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These Sources of Infection Are Also Important in the Perpetuation of Endemic Infection

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These Sources of Infection Are Also Important in the Perpetuation of Endemic Infection

Tisdale, W. A.: Spontaneous colon Endemic Infection in Laen-, NEC's cirrhosis. Gastroenterology, 40:141, 1961. Weinstein, L., and Klainer, A.S.: Management of emergencies: IV. Septic shock Pathogenesis and treatment. New Eng. J. Med., 274:950, 1966.

GHeGELLOSS Leighton E. Cluff

Definition. Shigellosis is an enteric infection with one of the species of Shigella bacilli, which may be asymptomatic or may cause dysentery. Bacillary dysentery is usually. Dysentery has been recognized for centuries. Association of the bacillus isolated from feces of patients with the disease was possible by the demonstration of rising titers of specific serum agglutinins in a significant proportion of patients. It has occasionally caused epidemic diseases in hospitals, nurseries, and schools. Currently, Shigella infection is responsible for a significant proportion of diarrheal dis-ease particularly among children and older persons living in crowded urban areas.

Over 40,000 cases were noted in 1960. Etiology. Strains of These are usually identified as serotypes of Shigella Dyson-time (Shiga), Shigella generic, Shigella body, and Shigella sonnei. Another group, formerly referred to as Shigella alkalescent, may also produce enteric infection in man, but biochemically and antigenically it is more closely related to coliform bacilli. The Shigella are gram-negative, slender, nonmotile, nonsporulating bacilli, which on. primary isolation resembles coccobacilli. Species and strains of Shigella can be identified by carbo-hydrate fermentation and antigenic analysis with specific antiserum.

Young children appear to be more susceptible than adults to bacillary dysentery, but the dis-ease is less common in the first six months of life than in older infants and children. Eighty percent of c.61Idren under nine years of age rizthceea' wren Shigella will develop dysentery, whereas only about 50 percent of infected older persons develop the illness. Under the age of 20 years the frequency of shigellosis' is in males is .greater than in females, but over the age of 20 years, the reverse is true. at all ages. be in winter, spring, or autumn.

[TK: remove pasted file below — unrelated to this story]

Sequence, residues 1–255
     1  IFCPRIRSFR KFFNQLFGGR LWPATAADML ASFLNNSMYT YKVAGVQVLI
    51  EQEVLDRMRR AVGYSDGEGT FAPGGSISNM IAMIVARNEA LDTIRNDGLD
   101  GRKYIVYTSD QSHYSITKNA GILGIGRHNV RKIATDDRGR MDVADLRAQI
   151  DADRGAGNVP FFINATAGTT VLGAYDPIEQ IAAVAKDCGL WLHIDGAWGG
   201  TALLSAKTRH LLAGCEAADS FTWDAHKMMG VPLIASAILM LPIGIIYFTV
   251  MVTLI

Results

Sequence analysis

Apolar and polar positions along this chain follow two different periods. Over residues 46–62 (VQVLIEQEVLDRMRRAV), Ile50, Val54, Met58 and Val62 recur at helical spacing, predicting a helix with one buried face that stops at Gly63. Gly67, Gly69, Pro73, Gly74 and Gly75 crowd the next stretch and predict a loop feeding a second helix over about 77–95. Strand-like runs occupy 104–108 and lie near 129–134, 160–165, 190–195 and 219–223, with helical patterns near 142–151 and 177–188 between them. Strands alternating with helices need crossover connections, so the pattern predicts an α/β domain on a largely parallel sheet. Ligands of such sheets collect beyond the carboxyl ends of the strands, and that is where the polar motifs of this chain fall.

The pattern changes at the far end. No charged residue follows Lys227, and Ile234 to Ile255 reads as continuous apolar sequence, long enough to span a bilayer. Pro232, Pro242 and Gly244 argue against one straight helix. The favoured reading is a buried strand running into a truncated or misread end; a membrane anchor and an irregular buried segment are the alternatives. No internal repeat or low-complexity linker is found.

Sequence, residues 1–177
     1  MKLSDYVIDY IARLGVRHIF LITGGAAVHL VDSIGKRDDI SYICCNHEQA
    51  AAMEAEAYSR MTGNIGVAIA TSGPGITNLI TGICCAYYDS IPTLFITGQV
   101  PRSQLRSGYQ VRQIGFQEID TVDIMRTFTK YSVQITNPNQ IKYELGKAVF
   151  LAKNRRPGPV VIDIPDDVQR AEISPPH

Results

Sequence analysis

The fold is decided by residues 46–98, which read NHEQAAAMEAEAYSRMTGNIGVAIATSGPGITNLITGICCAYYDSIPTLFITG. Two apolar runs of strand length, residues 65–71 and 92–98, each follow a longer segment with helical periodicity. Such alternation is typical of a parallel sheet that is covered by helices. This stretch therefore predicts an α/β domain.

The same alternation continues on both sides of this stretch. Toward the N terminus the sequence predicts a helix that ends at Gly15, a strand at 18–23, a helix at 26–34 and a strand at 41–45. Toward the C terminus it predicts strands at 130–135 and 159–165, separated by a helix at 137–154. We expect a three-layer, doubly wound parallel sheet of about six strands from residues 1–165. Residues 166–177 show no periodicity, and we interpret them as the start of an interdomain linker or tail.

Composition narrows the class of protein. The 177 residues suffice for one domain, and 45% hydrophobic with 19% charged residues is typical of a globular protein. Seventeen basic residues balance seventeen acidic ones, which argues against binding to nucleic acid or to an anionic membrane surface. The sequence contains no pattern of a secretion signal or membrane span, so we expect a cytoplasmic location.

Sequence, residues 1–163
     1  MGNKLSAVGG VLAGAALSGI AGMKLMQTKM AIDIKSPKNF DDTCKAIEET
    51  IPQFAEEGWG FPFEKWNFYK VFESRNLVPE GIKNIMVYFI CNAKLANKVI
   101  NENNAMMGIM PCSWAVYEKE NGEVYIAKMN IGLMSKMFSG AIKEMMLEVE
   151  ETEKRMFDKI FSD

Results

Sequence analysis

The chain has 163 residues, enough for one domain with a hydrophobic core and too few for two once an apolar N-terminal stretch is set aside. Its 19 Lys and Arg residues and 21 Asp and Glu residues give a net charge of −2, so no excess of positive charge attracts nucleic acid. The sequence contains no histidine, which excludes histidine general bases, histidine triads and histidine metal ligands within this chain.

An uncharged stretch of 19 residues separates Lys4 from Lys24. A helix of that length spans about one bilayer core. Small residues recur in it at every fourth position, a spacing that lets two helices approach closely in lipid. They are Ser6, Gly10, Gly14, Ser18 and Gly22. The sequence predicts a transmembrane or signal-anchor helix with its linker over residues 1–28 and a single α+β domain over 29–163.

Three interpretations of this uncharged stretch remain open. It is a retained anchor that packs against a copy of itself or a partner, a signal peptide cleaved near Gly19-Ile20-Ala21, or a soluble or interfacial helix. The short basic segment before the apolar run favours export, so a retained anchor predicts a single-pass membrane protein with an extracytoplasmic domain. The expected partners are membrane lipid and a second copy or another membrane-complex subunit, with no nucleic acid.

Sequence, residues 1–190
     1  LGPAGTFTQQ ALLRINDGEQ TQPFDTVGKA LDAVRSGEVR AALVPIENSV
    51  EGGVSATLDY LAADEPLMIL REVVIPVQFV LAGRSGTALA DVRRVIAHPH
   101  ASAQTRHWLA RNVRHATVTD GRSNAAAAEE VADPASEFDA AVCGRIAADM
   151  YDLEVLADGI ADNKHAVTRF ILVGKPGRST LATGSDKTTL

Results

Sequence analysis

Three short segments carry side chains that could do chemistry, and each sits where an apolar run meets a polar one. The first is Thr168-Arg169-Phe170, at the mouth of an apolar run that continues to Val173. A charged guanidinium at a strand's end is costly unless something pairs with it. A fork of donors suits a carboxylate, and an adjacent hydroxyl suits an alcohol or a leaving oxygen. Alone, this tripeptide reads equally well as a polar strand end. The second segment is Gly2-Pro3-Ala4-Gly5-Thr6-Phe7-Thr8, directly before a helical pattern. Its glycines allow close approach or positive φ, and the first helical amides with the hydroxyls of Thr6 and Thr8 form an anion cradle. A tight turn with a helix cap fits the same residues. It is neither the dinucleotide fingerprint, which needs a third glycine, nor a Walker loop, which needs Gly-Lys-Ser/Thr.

Shigella may be found in the intestinal tracts of flies having contact with infected human feces, but the carriage of the bacilli on the insect's feet is probably how it may spread infection. In countries with a high standard of sanitation, flies play an inconsequential role in the transfer of infection. Inadequately washed hands or contaminated inanimate articles are the principal means of transmission. The seats of toilets may become contaminated during flushing and serve as a source of infection. or feces of infected persons. These sources of infection are also important in the perpetuation of endemic infection.

Secondary cases may result in the extension of the disease to other schools or institutions such as hospitals, or nurseries. Relapsing disease, reinfection, and chronic infection may enable the perpetuation of infection among patients in nursing homes and inmates of mental hospitals. Endemic and epidemic shigellosis is' commonly characterized by isolation of several different serologic types of Shigella. Major outbreaks caused by a single serotype are rare, but small outbreaks may be attributable to a single serologic type. Shigella dysenteriae (Shiga) is an uncommon cause of infection in Britain, Europe, and North America, but is responsible for a significant proportion of cases in Asia. Shigella sonnei is the prominent cause of bacillary dysentery in countries where personal contact and endemic infection, rather than poor sanitation and unhygienic conditions, are responsible for the spread of the disease.

Bacterial Followed by Streptomycin

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